 perfusion profile also seen in both
hepatocellular carcinoma and adenoma
(Left) Axial CECTin arterial phase shows intense homogeneous
enhancement
of mass with central scar with thin radiating septa. Typical FNH
appearance
resembles cross section of an orange.
(Right) Axial CECT in venous phase shows mass (arrow) isodense to
liver
with delayed enhancement of central scar.
FOCAL NODULAR HYPERPLASIA
 Nuclear Scintigraphy
 technetium sulfur colloid scans, which portray
reticuloendothelial cellular function, the uptake of
tracer is normal approximately 50% of FNHs and
 uptake is increased in approximately 10%
 as many of 40% of the FNHs do not possess
reticuloendothelial cellular function, the presence of
a “cold lesion” does not exclude the possibility of
FNH.
FOCAL NODULAR HYPERPLASIA
 MRI Scan
 suggested if the liver tumor appears isointense on
both T1 and T2 images and has a central scar
 some cases, detected only by their mass effect on
normal hepatic vasculature plus the presence of
central scar (hypointense on T1 and hyperintense on
T2 images)
 uncommonly FNH may mimic other solid tumors by
being hypointense on T1 and hyperintense on T2
images.
(Left) Axial T1 C+ MR in arterial phase shows intense homogeneous
enhancement of mass with central hypointense scar.
(Right) Axial T2WI MR shows mass is minimally hyperintense, scar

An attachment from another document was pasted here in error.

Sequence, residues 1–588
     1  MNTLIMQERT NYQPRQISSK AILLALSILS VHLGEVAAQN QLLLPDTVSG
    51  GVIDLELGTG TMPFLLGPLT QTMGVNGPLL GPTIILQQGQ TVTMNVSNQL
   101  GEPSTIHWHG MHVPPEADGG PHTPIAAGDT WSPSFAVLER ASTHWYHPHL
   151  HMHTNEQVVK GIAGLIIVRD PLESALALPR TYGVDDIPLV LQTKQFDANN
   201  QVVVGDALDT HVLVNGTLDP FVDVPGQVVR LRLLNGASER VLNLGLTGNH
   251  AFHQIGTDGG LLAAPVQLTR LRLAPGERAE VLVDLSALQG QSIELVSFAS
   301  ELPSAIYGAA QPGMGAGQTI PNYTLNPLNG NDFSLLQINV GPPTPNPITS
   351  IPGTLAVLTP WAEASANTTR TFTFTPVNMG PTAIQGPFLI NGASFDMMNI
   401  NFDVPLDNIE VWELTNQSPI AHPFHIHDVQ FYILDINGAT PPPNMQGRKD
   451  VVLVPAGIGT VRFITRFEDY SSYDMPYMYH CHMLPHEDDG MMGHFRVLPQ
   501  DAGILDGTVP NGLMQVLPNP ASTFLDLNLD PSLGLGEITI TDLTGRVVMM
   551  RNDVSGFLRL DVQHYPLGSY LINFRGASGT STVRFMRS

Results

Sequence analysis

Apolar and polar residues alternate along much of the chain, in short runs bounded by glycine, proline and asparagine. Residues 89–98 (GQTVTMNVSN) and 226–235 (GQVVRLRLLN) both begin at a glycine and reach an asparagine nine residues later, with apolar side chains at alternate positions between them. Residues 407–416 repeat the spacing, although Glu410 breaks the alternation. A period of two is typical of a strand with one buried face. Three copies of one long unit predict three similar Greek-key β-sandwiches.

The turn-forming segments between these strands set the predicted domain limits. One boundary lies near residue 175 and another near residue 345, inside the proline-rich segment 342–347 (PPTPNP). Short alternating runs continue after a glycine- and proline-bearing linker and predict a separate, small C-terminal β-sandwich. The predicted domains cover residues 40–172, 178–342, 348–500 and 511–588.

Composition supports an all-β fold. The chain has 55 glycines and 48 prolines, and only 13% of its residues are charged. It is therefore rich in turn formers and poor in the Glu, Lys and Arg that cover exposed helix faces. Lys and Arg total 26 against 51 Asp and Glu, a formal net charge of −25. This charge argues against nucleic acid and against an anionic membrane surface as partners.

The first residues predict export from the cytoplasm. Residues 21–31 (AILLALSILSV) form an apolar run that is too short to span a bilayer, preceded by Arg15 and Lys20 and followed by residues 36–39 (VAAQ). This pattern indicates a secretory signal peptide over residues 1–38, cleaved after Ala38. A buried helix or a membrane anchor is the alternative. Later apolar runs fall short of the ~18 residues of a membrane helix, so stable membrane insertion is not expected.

(arrow) is hyperintense.
FOCAL NODULAR HYPERPLASIA

 Hepatic scars are also not specific for FNH

 “Thus differentiation of FNH from other


malignant or benign (solid) tumors is
frequently not possible with MRI”
FOCAL NODULAR HYPERPLASIA

 Dynamic T1 MRI studies


 arterial phase (first 30 seconds) – dense
enhancement
 60 seconds after injection – rapid washout
of the agent leading to isointensity of the
FNH to normal liver
 similar tumoral enhancement in
differentiated hepatocellular carcinoma
FOCAL NODULAR HYPERPLASIA

 Angiography
 seldom performed for the tissue
characterization of focal liver tumors
 hypervascular mass possessing a centrifugal
or “spoke wheel” pattern of vascular supply
MACROREGENERATIVE NODULE AND
NODULE REGENERATIVE
HYPERPLASIA

 Clinical Background
 MACROREGENERATIVE NODULE (MRN)
 10%-14% of the patients with chronic liver
disease, such as advanced cirrhosis
 Severe hepatic injury such as aftermath of